Prompted by a post by Cindy Peterson over at Howling Wolf Jewelry, I have a couple of blog posts in the works about Inventory Management – why it’s necessary, why you want to do it early, what does it mean, how does it help you, and what’s the easiest way to manage it. I’ll be splitting the information into two posts – the whys and wherefores, and the system I’m currently using – in an attempt to help you on your “makering” journey.
However, I want both posts to be *really* concise, and I’d like to take a bit of time on them, so in the meantime, I’m going to do a quick postmortem of my last two events, since those have been waiting for attention.
This was a small, invitation-only event specifically for Garden Club members in the District VI area. They hosted a luncheon and meeting at the Hilton Garden Inn, and asked a few vendors to sell items. Tangles, Twists and Treasures was one of three or four vendors present. Table fee was a percentage of sales, which went towards the scholarship fund for the Garden Club at Palm Coast.
The day was rainy, but the venue was nice. There was coffee and danish for the morning, but the vendors were left to their own devices for lunch. As the meeting was over by two, an easy option was to skip lunch. Conversely, we could pay the $20+/person to attend the meeting, and get to enjoy the panels and the hotel-provided lunch, but we opted not to do that. Our third option was Panera, which was within walking distance. Next time, I’ll bring a lunch. Panera was almost as expensive as the meeting lunch!
Another small downside to the event was the cramped table setups. Part of this was my fault, not having had the experience to know how to manage such a small amount of space. The tables were set up on either side of a corridor which had to remain clear for hotel traffic. We were allocated a table with two chairs, but the table was pushed against the wall, and the chairs had to be placed on either side, rather than behind it. This made for a different kind of setup, and as we never actually got our second chair, my assistant and I had to take turns sitting, or borrowing an open chair from another booth across the way. It was rather aggravating. Often, I had to remind her not to pull a chair up to the table, as that prevented buyers from seeing everything.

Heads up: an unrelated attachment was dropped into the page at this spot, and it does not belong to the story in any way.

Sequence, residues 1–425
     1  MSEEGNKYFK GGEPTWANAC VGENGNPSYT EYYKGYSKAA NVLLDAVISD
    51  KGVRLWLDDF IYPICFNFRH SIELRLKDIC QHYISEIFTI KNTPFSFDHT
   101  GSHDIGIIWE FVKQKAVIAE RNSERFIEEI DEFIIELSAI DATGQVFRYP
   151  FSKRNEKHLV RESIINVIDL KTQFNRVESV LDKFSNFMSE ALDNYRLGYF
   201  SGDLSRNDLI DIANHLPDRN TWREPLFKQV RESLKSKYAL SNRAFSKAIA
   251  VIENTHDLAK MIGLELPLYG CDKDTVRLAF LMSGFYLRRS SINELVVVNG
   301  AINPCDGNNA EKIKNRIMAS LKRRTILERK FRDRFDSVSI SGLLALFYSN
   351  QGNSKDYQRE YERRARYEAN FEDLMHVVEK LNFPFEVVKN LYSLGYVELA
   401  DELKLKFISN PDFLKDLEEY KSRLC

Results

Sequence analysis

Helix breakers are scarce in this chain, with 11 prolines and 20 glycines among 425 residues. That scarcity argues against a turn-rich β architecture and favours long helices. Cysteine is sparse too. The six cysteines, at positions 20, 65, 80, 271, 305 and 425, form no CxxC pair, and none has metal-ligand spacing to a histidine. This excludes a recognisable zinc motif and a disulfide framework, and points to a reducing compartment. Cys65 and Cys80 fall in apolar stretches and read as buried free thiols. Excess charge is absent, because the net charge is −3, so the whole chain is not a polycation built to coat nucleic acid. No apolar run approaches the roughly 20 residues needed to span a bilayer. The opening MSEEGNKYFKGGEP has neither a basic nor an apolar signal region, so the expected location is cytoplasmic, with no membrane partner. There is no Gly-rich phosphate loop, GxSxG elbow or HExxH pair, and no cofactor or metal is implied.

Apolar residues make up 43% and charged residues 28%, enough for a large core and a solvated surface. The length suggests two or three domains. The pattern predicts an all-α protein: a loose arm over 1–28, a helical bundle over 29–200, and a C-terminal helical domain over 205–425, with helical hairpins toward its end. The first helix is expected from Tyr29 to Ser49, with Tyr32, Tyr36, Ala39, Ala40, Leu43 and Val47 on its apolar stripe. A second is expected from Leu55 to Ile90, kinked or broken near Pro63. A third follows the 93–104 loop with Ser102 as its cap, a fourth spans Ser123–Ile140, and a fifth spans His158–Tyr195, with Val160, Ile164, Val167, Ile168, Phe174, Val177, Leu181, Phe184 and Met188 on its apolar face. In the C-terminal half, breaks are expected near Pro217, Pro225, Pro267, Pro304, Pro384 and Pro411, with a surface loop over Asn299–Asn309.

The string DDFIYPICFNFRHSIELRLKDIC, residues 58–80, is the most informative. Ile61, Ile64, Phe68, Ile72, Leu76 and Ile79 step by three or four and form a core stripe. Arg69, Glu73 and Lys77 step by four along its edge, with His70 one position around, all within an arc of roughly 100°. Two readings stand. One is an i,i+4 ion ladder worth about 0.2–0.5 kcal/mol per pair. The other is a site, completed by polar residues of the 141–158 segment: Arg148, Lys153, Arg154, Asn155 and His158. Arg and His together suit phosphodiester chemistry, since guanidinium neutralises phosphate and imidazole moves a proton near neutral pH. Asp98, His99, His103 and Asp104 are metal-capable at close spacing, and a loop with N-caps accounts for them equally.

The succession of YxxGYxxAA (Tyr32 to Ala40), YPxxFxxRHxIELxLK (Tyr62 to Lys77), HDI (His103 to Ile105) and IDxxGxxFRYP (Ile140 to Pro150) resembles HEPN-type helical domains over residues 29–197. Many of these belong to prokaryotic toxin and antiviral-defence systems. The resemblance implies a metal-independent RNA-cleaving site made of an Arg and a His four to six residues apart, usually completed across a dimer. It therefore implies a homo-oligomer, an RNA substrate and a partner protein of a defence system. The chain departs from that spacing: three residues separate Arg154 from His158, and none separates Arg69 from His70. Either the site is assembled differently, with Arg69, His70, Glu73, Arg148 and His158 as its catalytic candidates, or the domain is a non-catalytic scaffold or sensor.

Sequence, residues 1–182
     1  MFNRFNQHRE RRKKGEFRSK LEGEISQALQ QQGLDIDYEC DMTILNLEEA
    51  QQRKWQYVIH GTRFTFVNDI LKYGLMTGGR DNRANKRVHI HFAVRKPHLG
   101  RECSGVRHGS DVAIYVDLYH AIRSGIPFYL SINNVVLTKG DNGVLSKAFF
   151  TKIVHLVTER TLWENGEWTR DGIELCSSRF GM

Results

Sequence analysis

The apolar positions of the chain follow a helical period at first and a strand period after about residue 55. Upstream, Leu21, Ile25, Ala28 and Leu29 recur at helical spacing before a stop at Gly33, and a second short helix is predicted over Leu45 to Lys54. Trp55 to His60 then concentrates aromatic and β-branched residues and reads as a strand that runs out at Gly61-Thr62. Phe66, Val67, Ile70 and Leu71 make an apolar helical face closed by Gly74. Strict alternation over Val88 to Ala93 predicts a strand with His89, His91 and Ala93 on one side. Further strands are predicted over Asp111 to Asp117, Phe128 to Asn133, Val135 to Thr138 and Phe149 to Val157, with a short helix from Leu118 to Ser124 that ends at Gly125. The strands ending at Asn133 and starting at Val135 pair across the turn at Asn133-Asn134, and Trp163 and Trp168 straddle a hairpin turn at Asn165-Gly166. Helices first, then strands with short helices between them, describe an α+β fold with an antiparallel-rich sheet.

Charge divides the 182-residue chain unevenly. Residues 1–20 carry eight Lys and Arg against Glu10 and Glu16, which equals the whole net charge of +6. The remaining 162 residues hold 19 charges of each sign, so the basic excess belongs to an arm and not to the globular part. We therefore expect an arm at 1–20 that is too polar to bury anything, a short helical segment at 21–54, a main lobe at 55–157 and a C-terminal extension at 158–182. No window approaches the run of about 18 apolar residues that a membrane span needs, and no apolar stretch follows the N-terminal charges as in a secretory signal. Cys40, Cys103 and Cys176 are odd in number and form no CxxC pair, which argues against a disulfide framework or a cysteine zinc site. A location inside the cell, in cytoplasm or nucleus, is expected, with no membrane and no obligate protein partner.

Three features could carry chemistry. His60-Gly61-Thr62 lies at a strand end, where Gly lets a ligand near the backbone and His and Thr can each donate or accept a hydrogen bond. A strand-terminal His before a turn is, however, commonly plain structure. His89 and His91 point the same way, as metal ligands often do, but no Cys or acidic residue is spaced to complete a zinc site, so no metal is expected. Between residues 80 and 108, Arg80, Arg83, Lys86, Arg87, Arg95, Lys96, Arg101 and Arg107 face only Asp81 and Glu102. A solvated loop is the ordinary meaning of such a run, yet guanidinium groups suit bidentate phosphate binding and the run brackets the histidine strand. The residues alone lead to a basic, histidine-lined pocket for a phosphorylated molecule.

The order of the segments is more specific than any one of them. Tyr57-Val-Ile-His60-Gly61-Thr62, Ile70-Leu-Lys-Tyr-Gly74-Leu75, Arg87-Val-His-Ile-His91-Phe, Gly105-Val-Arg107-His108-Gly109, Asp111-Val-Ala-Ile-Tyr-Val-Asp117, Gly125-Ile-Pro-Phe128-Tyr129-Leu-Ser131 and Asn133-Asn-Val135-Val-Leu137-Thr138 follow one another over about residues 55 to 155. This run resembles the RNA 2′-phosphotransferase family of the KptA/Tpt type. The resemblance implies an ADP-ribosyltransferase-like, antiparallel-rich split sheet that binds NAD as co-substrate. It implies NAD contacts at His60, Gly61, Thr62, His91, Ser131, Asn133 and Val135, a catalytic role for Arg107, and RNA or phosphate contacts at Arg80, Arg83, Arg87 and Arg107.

On the other hand, it gave me a taste of what it would be like to have an open booth setup, where people walk into the booth, and I’m sitting in the middle of the goods, rather than behind the table. There are definitely problems, as chair placement is a serious issue, otherwise people are walking behind you. I also found managing supplies and the cash box to be a challenge. I’m still trying to determine the merits of each approach, and that might turn into another blog post at a later time.
This was my third time selling through the Garden Club at Palm Coast, and I’ve never regretted my affiliation there. They’re a wonderful group of people, and spend a great deal of time and effort to make the world around them a more-beautiful place. They’re active in education, assist the community by monitoring green spaces, and planting trees to honor deceased members of the community, and regularly lobby for funds to help clean waterways, rebuild reefs and repopulate pine trees and other native plants lost for various reasons. Furthermore, they’re very supportive of each other, which makes the Club a terrific place to make friends.
Because of this event, I got asked to attend another Garden Club event in Ormond Beach in February. The Tilandsia Garden Club is hosting a game-night event, and is looking for a few vendors. I’m both honored and excited that the coordinator said, “I want your booth there!”
St. Brendan’s Catholic Church Annual Craft Fair